Tuesday, November 14, 2006

CANADA’S IMAGE AS A GLOBAL RESOURCE GIANT

Special Reports

October 25, 2006

Canada has always been perceived as a nation with an economic base deeply rooted in natural resources. This message has long been transmitted through Canadian equity and currency markets, where buying and selling has often been closely tied to swings in world commodity prices. At no time has this dynamic been more apparent than in recent years. As world commodity prices have shot up since 2002, few stock market indices around the world have surged by more than the S&P TSX, while few currencies have strengthened to a greater extent vis-à-vis the U.S. dollar than the loonie.

At the same time, what is the likelihood that this image of Canadians as “hewers of wood and drawers of water” has become out of step with reality? Although few would deny that the country’s resource sector remains alive and well – and continues to be a major economic generator, it is equally hard to refute the fact that the Canadian economy has undergone structural changes over the past 25 years that have shifted in the economic balance from goods-producing to a number of service-producing industries.

In this report, we take a closer look at the economic contributions of the resource sector both today and in comparison to the past. We conclude that despite facing a multitude of headwinds over the last few decades, the resource sector has managed to evolve and adjust, thus maintaining its impressive position within the nation’s economic fabric. What’s more, with the consensus having formed around the expectation that commodity markets have entered a “new era” of higher prices, both the perception and reality of Canada as a global commodity powerhouse are almost certain to remain in place. In the final section, we discuss the implications of this conclusion for investors.

Predictions of resource sector’s demise unwarranted

The boom underway in commodity markets is even more dramatic when placed in context of the general sentiment that prevailed a mere 5-6 years ago. In the late 1990s, the “new economy” industries of information technology were growing at a hectic rate, spurring chatter of a virtuous cycle of productivity-led growth and prosperity well into the future. At the same time, the fortunes of the “old economy” resource sector – as defined in the topic box below – continued to sour. In fact, some forecasters even went as far as to predict the eventual demise of Canada’s resource industries. Others (i.e., Sachs et al) referred to the “curse of natural resources”, warning that resource-based economies would experience significantly lower growth than those that devoted scarce capital to rapidly-expanding knowledge-based industries.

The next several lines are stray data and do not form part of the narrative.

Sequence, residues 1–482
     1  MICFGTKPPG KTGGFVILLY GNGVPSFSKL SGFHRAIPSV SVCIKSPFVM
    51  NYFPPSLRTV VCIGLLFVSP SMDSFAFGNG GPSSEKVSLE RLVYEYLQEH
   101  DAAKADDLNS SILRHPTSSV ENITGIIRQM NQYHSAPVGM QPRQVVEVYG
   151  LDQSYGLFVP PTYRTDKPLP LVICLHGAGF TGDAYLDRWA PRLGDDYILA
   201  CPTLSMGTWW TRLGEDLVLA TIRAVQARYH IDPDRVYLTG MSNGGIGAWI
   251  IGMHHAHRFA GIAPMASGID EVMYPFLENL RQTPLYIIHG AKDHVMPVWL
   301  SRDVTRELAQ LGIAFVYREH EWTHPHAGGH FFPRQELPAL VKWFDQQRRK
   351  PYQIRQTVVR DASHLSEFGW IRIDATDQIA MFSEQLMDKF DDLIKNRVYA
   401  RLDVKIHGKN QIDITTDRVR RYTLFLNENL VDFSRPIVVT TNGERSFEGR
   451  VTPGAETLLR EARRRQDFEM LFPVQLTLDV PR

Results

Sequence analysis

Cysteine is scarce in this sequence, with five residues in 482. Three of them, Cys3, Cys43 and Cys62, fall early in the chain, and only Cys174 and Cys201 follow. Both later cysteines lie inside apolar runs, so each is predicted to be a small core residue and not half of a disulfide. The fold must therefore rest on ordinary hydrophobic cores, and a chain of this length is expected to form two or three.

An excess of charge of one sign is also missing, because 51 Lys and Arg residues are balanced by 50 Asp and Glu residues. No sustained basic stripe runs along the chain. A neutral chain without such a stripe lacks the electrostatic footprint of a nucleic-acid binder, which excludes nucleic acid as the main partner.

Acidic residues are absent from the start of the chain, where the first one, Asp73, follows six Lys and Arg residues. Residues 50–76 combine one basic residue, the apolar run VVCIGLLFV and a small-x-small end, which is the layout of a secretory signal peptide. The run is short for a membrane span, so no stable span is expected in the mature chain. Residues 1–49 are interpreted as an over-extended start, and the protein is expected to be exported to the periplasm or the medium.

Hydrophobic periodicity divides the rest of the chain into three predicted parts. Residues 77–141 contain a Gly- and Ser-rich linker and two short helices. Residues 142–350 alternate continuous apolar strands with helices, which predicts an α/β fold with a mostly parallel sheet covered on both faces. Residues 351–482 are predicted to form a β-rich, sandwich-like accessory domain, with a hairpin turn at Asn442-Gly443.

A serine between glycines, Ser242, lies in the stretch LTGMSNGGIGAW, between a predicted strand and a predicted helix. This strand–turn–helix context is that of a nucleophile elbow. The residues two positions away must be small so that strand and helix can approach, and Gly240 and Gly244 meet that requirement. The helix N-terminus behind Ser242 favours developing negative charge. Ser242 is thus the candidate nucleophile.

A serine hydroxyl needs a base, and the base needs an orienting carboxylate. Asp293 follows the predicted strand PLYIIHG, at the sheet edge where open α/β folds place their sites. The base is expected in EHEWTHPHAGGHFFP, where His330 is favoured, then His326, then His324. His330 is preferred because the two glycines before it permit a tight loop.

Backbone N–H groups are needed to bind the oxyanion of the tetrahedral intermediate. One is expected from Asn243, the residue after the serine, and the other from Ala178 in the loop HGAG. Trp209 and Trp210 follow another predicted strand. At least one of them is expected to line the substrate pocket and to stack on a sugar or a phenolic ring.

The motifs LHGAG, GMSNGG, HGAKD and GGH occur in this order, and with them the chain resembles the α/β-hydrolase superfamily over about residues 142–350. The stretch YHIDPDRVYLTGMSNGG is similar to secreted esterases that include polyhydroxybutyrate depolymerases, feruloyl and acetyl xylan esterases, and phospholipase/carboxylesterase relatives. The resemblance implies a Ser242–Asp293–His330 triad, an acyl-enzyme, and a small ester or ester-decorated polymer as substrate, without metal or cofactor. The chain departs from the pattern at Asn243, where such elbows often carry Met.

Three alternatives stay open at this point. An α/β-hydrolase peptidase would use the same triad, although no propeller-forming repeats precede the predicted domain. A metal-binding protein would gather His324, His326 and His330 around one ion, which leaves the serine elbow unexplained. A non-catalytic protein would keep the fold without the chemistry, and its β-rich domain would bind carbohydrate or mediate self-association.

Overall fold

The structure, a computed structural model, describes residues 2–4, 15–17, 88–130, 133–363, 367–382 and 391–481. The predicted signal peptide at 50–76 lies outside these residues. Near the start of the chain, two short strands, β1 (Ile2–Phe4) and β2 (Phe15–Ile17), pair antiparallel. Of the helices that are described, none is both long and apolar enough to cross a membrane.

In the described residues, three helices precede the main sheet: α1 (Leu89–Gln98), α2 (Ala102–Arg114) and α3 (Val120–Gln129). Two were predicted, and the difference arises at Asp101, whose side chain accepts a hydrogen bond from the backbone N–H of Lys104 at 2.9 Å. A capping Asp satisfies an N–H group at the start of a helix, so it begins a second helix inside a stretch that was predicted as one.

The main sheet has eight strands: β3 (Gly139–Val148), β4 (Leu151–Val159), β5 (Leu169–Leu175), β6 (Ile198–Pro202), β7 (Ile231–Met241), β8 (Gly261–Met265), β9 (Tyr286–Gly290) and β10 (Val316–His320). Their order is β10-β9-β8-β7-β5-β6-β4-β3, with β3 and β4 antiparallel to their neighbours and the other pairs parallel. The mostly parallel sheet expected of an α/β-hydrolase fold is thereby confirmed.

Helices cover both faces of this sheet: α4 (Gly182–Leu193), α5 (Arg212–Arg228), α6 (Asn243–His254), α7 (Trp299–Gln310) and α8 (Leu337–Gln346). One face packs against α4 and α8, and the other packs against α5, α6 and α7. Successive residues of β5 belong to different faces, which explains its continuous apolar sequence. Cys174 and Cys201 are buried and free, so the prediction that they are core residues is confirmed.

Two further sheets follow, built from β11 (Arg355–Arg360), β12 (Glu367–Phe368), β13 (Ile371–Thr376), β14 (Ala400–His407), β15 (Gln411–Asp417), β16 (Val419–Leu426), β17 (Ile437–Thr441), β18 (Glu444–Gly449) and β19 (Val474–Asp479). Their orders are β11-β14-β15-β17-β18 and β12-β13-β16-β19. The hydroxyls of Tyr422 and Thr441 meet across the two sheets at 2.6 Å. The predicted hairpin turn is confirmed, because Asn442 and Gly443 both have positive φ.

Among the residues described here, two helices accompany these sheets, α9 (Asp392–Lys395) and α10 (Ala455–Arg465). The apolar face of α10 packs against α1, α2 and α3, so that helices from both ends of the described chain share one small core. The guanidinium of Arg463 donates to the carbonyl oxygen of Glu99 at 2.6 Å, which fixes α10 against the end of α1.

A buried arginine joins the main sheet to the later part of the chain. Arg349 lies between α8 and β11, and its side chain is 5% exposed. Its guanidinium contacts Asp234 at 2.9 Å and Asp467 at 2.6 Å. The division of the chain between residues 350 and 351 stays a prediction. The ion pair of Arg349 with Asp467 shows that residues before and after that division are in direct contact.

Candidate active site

As we now know from 20:20 hindsight, those predictions proved to be way off the mark. The high-tech sector stumbled badly in 2001-02 – demonstrating that those areas were not immune to resource-style boom-bust cycles – while world commodity markets would ultimately bounce back, halting the 15-year secular downtrend in prices.

The abrupt turn in the fortunes of world commodity markets has reflected a confluence of factors on both the demand and supply sides of the equation. Over the past decade, demand for most commodities has picked up strongly, owing to rapid industrialization of China, India and other developing economies. In contrast, gains in supply of commodities such as crude oil and metals have lagged behind, constrained by cuts implemented to exploration budgets in the 1990s. Accordingly, supply-demand balances for many commodities have tightened significantly. Other global factors also swung in support of commodity prices, including a structural decline in the U.S. dollar and the rekindling of global inflationary pressures that provided a boost to real asset prices.

While an improvement in fundamentals got the ball rolling in 2002-03, the momentum has been sustained in part by growing investor enthusiasm. Notably, the commodity market has also become increasingly attractive to large institutional investors – such as hedge funds and pension funds – in view of abundant liquidity, declining relative returns on fixed-income investments and the launch of exchange-traded funds (ETFs) and other investment vehicles that have facilitated direct investor participation in commodities. It has been estimated that as much as $100 billion in investment funds have been directed into commodities worldwide over the past few years.

Canada has moved into the spotlight

In addition to gaining direct commodity exposure, many investors have opted to take the more traditional – and indirect – approach of participating in the commodity rally through either purchasing shares of resource companies or investing more broadly in commodity-oriented markets. Markets that have attracted increased attention include the likes of Australia, New Zealand, Norway, Finland and – above all – Canada.

* Since 2003 – the first full year of the commodity rally – Canada’s S&P TSX has outshone other major world indices by returning roughly 14% per year on a compound annual basis.

* Over the same period, the Canadian dollar has climbed by a total of almost 40% against the U.S. dollar in real terms, ranking second to only the Brazilian Real.

* Data on portfolio investment reveal that foreign purchases of Canadian equities surged by 4.5% of GDP over the 2003-05 period, outstripping most other industrialized countries, including Australia. Moreover, figures released so far this year suggest another banner performance in 2006, with some $17 billion in net foreign purchases in the first half alone.

* After posting weak inflows of foreign direct investment (FDI) in 2003 and 2004, Canada has emerged as world-leading magnet since early 2005. The spate of high-profile foreign acquisitions of Canadian firms announced in recent months suggests that 2006 will be no different.